Year 2017 news

We had a slow start to our 28th year but had a very busy second half of the year.
By the year’s end, we had completed commissioning on 7 new generators and attended to many others for maintenance, refurbishment and to deal with such things as protection, excitation and synchronising issues.  Most were Gas Turbine Generator sets and some included commissioning of switchgear and integration of generators into existing systems.  Our work was in 9 countries – Belgium, Egypt, Italy, Kuwait, Netherlands, Pakistan, Spain, Thailand and UK.

We continued to provide power system study work for numerous clients and consultancy on larger projects.  Our work in Merseyside and North Wales, the former Manweb part of the UK, increased, with us commissioning several 33 kV switchboards and 132kV mesh-corners.   We started down the route to obtain suitable levels of authorisation for three of our staff, which pleased our clients and is a reason for us to be optimistic about being offered similar work in years to come.  We continued to extend our customer base and increase the scope of work taken on.  We are appointed lead commissioning engineers for a large UK substation extension comprising 4 transformers at 132 kV/11 kV, a mesh corner and several 132 kV feeders and several 11 kV switchboards.

Our Thoughts about Energy

We are seriously in the energy business and so we ought to have a view about energy policy.  We have an Energy Act of Parliament, which sets out in law an obligation for the UK to reduce carbon dioxide emissions by 80% compared with early industrial levels.  We disagree with this because it is unnecessary and it is so expensive that it is crippling our economy.

The key body in this matter is the European Union and Germany is the political centre of Europe.  Germany has a first rate education system, a hard working population and an economy the envy of everyone.  What Germany decides, the EU agrees.

The Chancellor of Germany is Mrs Angela Merkel and her past energy policy was strongly influenced by the Green party because of the voter support they enjoy.  She won the recent election by securing more seats than any other party, but not enough to give an overall majority.  She must therefore form a coalition with at least two other parties.  This is not unusual.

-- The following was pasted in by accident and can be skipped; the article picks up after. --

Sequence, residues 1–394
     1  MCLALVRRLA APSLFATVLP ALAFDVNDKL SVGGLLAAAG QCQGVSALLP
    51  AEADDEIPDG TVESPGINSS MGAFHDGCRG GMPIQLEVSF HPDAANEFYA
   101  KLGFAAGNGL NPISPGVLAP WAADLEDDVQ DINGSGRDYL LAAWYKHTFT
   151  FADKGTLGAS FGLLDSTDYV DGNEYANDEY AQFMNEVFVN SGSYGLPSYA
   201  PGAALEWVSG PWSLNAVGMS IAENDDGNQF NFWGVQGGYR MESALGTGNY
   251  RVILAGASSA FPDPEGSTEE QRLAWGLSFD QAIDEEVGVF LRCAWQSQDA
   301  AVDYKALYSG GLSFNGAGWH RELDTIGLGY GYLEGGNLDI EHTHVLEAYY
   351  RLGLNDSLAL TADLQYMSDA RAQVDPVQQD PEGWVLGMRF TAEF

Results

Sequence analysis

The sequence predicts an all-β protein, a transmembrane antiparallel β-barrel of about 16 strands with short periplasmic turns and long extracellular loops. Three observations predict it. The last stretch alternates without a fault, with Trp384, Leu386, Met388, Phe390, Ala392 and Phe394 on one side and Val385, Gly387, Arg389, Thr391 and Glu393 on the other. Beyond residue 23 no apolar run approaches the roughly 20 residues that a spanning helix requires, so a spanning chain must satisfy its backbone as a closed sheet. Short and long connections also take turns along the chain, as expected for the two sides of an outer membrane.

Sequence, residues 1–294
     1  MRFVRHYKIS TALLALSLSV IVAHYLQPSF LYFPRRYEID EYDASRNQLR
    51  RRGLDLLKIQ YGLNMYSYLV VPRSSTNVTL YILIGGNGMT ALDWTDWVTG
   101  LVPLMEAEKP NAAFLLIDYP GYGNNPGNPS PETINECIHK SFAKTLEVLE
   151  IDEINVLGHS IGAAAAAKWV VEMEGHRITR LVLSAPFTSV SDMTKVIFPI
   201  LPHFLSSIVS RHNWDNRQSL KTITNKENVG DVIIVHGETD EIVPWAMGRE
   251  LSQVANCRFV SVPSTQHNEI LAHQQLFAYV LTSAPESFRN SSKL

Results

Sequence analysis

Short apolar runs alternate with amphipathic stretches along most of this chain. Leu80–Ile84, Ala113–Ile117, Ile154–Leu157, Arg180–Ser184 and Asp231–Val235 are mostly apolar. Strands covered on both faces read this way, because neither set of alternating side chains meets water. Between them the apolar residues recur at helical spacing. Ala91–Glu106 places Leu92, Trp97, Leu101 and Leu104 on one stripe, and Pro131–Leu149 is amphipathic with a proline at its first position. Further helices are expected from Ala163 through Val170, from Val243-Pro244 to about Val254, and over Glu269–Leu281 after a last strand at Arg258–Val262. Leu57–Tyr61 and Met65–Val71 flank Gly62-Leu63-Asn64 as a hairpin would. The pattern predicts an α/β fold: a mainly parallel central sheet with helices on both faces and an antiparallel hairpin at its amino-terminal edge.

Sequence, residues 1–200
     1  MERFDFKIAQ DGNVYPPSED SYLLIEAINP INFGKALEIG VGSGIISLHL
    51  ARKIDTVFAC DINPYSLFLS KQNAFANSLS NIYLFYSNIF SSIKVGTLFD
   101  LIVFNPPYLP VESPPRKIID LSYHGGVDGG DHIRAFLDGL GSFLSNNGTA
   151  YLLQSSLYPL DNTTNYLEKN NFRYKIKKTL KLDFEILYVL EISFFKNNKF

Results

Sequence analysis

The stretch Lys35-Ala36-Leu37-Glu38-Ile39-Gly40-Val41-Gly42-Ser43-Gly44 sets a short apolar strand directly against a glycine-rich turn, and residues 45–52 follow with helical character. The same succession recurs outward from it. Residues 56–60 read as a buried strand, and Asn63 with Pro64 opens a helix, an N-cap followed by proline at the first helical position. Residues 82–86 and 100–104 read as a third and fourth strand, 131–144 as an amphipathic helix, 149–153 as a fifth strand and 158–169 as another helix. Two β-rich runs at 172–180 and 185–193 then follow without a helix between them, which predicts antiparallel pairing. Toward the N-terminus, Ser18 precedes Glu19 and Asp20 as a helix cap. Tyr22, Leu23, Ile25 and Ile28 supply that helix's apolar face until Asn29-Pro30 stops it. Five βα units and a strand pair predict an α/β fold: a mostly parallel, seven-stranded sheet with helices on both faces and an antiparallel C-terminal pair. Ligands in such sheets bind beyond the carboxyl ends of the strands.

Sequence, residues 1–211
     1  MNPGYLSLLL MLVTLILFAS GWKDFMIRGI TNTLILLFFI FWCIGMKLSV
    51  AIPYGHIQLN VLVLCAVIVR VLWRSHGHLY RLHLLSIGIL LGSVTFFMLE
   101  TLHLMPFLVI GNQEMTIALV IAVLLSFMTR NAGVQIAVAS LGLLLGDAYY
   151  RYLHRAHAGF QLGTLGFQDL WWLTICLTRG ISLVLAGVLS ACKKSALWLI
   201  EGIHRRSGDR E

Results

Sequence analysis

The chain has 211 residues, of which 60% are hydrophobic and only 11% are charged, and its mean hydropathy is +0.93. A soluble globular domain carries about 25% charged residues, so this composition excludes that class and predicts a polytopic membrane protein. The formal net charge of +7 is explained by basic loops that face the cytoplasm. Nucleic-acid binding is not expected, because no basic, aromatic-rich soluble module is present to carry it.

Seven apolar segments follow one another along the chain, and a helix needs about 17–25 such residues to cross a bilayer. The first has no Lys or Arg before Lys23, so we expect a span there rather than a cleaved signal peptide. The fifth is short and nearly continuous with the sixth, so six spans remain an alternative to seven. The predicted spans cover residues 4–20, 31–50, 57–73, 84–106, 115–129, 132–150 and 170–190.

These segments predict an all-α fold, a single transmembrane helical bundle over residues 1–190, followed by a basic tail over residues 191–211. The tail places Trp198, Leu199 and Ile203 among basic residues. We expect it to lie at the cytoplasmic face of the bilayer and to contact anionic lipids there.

Mrs Merkel’s preferred Christian Democrat led coalition is with the Green Party and the Free Democratic Party, but insistence by the Greens that she should  agree to the closure of a number of coal burning power stations resulted in the talks failing.  This is the first defeat for the Greens and so it is a big step in the right direction.  Coincidentally, in the last two weeks, Germany’s acting government made a momentous decision to continue the use of Glyphosate - an important herbicide in agriculture and used by farmers for 40 years.  The EU then renewed its authorisation of Glyphosate.  This is the second bitter defeat for the Green Party, which is fiercely against using chemicals of any sort.  It no longer has a seat at the top table and its agenda may now be dashed for good.

The German Energiewende, which means energy turn, pushed forward by the Greens is an ill-advised and  expensive policy.  It forced Germany, at certain times in 2017, to pay neighbouring countries to take their surplus energy by means of negative tariffs.  With the Greens now relegated to the back row, we might all enjoy a more sensible energy policy in Germany, in the EU and in the UK.


The directors of the company thank all our staff and our clients and consultants and friends for their loyalty and trust during 2017.

We wish them all a very Merry Christmas and a Happy and Prosperous New Year.


John Sanderson, Director, 13 December 2017